In medical research, ChatGPT plays a crucial role by assisting researchers in gathering and analyzing extensive medical literature, saving valuable time and effort [, ]. It fosters collaboration among researchers and aids in data analysis, uncovering patterns and relationships within data sets [ ]. Moreover, ChatGPT facilitates the dissemination of research findings by creating accessible summaries and explanations of complex work [ ]. This promotes effective communication between research and clinical practice, ensuring evidence-based health care practices.
Despite its benefits, AI-generated text presents challenges in medical education and research. Ensuring the reliability and accuracy of information is essential, considering the potential for incorrect or misleading data . Validating sources and aligning content with medical standards and guidelines are crucial steps. Additionally, AI-generated text may lack human interaction, which is vital for developing communication and empathy skills in medical practice [ ]. To strike a balance, medical education should combine AI-generated text with traditional teaching methods, emphasizing direct patient interaction and mentorship [ ].
Researchers must exercise caution when relying on AI-generated text, critically evaluating the information provided . Human expertise and judgment remain indispensable to ensure the validity and ethical considerations of research findings [ ]. Thoughtful integration of AI-generated text in medical education and research is essential to harness its potential while preserving the essential human touch required in medical practice [ ].
In conclusion, AI-generated text has transformed medical education and research by offering accessible and up-to-date knowledge to medical professionals . It empowers learners to engage in self-directed exploration and critical thinking, while also providing personalized feedback for improvement [ ]. In research, ChatGPT aids in data analysis, communication, and dissemination of findings, bridging the gap between research and practice [ ]. However, careful consideration of its reliability and integration with human expertise is crucial in both medical education and research settings [ ]. By embracing AI-generated text thoughtfully, the medical field can leverage its potential to drive innovation and advance evidence-based health care practices [ ].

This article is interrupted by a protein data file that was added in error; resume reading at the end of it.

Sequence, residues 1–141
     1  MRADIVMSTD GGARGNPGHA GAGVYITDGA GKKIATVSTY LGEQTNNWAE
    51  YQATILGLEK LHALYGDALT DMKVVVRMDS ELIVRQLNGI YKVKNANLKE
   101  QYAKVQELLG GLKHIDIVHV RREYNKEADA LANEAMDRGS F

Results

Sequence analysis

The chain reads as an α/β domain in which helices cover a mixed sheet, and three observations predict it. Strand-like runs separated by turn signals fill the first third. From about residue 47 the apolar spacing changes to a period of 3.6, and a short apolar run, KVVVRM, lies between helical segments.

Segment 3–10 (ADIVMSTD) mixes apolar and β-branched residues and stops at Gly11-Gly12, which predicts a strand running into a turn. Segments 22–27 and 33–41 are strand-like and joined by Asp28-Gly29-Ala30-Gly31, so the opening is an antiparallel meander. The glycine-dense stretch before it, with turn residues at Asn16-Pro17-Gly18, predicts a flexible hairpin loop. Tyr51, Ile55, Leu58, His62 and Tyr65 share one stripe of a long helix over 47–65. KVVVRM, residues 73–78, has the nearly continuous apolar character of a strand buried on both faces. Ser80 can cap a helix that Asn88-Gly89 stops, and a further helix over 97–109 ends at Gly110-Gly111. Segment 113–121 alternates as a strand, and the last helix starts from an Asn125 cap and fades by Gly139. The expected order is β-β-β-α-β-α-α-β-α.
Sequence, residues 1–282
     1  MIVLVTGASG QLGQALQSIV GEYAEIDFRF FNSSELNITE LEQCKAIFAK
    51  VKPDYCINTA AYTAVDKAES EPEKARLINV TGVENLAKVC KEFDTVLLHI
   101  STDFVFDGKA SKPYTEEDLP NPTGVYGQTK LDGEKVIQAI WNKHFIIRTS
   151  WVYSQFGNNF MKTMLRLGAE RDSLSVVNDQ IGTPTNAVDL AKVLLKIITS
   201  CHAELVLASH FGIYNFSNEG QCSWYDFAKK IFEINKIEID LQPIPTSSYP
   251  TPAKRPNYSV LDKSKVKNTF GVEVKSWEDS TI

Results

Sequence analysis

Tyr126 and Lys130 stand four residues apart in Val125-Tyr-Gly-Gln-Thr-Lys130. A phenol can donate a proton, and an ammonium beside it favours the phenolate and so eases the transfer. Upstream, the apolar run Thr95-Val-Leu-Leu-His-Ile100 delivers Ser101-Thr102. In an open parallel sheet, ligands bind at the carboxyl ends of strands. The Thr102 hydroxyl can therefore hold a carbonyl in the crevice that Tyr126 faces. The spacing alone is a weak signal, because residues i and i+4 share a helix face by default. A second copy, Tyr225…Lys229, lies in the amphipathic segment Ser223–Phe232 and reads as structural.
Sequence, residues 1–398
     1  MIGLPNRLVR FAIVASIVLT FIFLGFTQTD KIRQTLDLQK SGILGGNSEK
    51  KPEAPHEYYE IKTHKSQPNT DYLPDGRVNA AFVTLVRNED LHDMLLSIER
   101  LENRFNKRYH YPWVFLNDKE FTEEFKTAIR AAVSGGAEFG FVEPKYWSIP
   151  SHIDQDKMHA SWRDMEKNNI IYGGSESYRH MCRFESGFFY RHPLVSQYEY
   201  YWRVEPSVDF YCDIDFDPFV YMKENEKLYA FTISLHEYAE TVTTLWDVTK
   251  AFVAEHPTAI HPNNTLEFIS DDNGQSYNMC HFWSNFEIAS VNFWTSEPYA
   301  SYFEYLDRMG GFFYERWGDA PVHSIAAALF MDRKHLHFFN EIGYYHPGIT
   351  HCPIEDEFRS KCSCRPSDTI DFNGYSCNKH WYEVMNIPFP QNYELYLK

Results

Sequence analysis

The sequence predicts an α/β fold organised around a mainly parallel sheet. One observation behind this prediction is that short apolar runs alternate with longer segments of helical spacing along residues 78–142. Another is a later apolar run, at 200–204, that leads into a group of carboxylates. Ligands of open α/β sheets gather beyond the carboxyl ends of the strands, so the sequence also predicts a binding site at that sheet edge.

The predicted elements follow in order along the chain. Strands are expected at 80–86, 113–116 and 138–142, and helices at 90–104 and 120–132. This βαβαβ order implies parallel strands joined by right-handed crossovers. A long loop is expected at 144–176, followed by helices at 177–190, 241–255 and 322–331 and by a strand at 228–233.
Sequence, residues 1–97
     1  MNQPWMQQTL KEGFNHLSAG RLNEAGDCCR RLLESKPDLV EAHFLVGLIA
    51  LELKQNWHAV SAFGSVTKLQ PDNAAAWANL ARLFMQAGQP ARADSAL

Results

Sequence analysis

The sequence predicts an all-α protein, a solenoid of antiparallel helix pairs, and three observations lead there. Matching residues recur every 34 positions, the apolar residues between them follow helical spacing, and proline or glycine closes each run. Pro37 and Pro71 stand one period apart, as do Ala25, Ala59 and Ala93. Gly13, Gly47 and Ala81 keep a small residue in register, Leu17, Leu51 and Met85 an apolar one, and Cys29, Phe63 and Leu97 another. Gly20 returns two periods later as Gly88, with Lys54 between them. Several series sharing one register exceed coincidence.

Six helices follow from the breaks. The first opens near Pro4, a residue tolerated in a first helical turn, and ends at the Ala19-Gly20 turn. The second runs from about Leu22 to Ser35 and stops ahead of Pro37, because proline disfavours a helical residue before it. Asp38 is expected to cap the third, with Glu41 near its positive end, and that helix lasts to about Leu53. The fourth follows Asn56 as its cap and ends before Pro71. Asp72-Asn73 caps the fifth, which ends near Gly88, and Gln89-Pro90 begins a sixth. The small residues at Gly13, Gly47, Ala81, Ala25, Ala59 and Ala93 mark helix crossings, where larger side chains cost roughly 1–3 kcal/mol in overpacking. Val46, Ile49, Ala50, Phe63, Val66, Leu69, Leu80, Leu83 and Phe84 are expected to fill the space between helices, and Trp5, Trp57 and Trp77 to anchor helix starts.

Exploring the Application of ChatGPT in Scientific Research
Researchers can use ChatGPT in various ways to advance research in many fields. One of the applications of ChatGPT in scientific research is to provide researchers with instructions about how to conduct research and scientific research ethics .
Researchers can ask the application to provide a literature review in a sequenced way . ChatGPT can organize information into tables based on the prompts used by researchers and the flow of the research stages [ ]. Moreover, researchers can utilize ChatGPT’s ability to summarize data and write reports based on detailed data; the application also makes it easier for researchers and analysts to understand and communicate their findings. Practitioners and researchers have already been using language models such as ChatGPT to write, summarize published articles, talk, improve manuscripts, identify research gaps, and write suggested research questions [ ]. Moreover, practitioners use AI-generated text tools to generate examination questions in various fields, while students use them to write computer code in competitions [ ]. AI will soon be able to design experiments, write complete articles, conduct peer reviews, and support editorial offices accepting or rejecting manuscripts [ ]. However, researchers have raised concerns about using ChatGPT in research because it could compromise the research integrity and cause significant consequences for the research community and individual researchers [ ].